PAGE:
Replacement Theology or Fulfillment Theology- #26– The Sure Mercies of David!
David was a man “after God’s own heart” and as a result, God made a marvelous promise to David:
“When your days are fulfilled and you rest with your fathers, I will set up your seed after you, who will come from your body, and I will establish his kingdom. 13 He shall build a house for My name, and I will establish the throne of his kingdom forever. 14 I will be his Father, and he shall be My son.” (2 Samuel 7:13-14).
He also promised:
“My covenant I will not break, Nor alter the word that has gone out of My lips. Once I have sworn by My holiness; I will not lie to David: His seed shall endure forever, And his throne as the sun before Me; It shall be established forever like the moon, Even like the faithful witness in the sky.”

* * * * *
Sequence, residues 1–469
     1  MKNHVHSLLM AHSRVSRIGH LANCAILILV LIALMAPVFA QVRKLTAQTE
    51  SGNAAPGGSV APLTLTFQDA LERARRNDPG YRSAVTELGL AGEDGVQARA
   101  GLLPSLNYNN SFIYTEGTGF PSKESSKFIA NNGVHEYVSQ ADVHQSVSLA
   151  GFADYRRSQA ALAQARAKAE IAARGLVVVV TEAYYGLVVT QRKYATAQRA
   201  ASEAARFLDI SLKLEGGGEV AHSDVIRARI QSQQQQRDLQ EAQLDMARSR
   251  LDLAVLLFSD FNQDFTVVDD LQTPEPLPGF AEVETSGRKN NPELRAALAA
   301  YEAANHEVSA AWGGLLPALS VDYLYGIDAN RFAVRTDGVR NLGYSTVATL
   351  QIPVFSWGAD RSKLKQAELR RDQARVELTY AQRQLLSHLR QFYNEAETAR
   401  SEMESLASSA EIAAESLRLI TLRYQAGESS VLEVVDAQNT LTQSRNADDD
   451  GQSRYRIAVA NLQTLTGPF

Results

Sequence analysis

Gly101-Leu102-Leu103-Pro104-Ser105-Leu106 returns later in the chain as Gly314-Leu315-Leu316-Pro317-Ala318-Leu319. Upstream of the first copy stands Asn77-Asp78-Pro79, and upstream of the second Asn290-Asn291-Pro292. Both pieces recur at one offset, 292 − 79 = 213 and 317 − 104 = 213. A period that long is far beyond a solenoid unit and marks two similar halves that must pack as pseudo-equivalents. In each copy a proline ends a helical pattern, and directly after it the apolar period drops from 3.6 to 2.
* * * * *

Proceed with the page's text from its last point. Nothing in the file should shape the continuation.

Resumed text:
So, YHVH said He would set David’s royal seed on the throne, and he would rule forever!
It is critical to note that God said “I will not alter the word that has gone out of my lips.” Now, this means that if God set the time for the establishment of David’s seed to sit on the throne, and David’s seed came at that determined and promised time, but, as a result of Jewish unbelief God changed the time for that enthronement, then most assuredly God altered the Word of His promise! It is specious to say that God postponed the kingdom plans by 2000 years – and counting – and yet, that is not a radical alteration of the Plan!